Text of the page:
Winnie the Pooh
Today we went to see the film Goodbye Christopher Robin. It was very good. I, like most children, read Pooh books as a child.
Image from Wikipedia
I got interested in their author, A.A. Milne, when I discovered that he’d done a mathematics degree at Cambridge. So had my scientific hero A.V. Hill, and (through twitter) I met AV’s granddaughter, Alison Hill. I learned that AV loved to quote A.A.Milne’s poem, OBE.
I know a Captain of Industry,
I know a Lady of Pedigree,
I know a fellow of twenty-three,
I had a friend; a friend, and he
This poem clearly reflects Milne’s experience in WW1. He was at the Battle of the Somme, despite describing himself as a pacifist. In the film he’s portrayed as suffering from PTSD (shell shock as it used to be called). The sound of a balloon popping could trigger a crisis. He was from a wealthy background. He, and his wife Daphne, employed a nanny and maid.
The first Pooh book, When We Were Very Young, came out in 1924, when Milne’s son, Christopher Robin, was four. The nanny is, in some ways, the hero of the film. It was she, not his parents, who looked after Christopher Robin, and the child loved her. In contrast, his parents were distant and uncommunicative.
By today’s standards, Christopher Robin’s upbringing looks almost like child neglect. One can only speculate about how much his father’s PTSD was to blame for this. But his mother had no such excuse. It seems likely to me that part of the blame attaches to the fact that Milne was brought up as an “English gentleman”. Looking after children was a job for nannies, not parents. Milne went to a private school (Westminster), and Christopher Robin was sent to private schools. At 13 he was sent away from his parents, to Stowe school, where he suffered a lot of bullying. That is a problem that’s endemic and it’s particularly bad in private boarding schools.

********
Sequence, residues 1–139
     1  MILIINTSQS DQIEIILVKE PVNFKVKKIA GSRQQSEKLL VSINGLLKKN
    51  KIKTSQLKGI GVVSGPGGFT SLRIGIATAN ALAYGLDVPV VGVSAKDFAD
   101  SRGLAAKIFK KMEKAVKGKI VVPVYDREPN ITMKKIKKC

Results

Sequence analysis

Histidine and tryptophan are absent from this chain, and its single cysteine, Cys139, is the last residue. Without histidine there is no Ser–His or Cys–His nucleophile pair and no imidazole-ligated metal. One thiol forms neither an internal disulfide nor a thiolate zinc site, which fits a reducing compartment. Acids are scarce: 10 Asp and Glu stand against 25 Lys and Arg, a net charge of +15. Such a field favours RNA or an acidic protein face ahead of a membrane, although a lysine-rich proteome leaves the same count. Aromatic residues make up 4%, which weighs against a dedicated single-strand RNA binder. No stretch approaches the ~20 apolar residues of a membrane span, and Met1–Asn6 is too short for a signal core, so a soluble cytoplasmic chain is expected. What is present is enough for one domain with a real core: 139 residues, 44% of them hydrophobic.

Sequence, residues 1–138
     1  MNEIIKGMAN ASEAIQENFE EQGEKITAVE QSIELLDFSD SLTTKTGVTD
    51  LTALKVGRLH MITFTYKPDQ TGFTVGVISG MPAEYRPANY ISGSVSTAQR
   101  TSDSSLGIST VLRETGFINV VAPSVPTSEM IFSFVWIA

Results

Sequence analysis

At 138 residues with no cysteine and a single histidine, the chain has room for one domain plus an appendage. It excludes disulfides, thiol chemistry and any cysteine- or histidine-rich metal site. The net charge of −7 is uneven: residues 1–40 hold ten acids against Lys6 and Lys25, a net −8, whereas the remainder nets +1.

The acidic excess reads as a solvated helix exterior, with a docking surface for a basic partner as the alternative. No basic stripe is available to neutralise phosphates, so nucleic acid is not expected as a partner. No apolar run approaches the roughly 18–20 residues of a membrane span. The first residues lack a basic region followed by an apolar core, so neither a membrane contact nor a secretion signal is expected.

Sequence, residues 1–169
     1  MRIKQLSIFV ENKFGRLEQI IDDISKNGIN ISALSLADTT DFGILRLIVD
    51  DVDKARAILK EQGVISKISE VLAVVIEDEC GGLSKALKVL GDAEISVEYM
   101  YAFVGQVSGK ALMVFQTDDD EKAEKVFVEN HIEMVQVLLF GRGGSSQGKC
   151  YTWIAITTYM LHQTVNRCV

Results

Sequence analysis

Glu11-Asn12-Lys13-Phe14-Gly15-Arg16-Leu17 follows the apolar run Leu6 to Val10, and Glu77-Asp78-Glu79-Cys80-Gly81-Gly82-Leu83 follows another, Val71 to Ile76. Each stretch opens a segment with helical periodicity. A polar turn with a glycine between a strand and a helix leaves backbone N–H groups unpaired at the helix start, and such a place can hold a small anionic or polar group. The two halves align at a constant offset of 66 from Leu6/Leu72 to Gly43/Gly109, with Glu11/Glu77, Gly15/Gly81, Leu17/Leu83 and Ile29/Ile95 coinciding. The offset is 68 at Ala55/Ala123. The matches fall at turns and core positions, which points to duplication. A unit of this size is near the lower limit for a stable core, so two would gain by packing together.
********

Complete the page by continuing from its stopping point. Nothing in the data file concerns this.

I have seen it at first hand. I went to what was known at the time as a direct grant school, and I was a day boy. But the school did its best to ape a private school. It was a cold and cruel place. Once, I came off my bike and went head first into a sandstone wall. While recovering in the matron’s room I looked at some of the books there. They were mostly ancient boys’ stories that lauded the virtues of the British Empire. Even at 13, I was horrified.
After he reached the age of 9, Christopher Robin resented increasingly what he came to see as his parents’ exploitation of his childhood. After WW2, Christopher Robin got married but his parents didn’t approve of his choice. He became estranged from his parents, and went to run a bookshop in Dartmouth (Devon). Once his father died, he did not see his mother during the 15 years that passed before her death. Even when she was on her deathbed, she refused to see her son.
It’s a sad story, and the film conveys that well. I wonder whether it might have been different if it were not for the horrors of WW1 and the horrors of the upbringing of English gentlemen.
It would be good to think that things were better now. They are better, but the old problems haven’t vanished. The UK is still ruled largely by graduates from Oxford and Cambridge. They take mostly white kids from expensive private schools. These institutions specialise in giving people confidence that exceeds their abilities. Now the UK is mocked across the world for its refusal to modernise and for the delusions of empire that are brexit. The New York Times commented
if what the Brexiteers want is to return Britain to a utopia they have devised by splicing a few rose-tinted memories of the 1950s together with an understanding of imperial history derived largely from images on vintage biscuit tins,
Just look at at this recent New Yorker cover. Look at Jacob Rees-Mogg. And look at Brexit.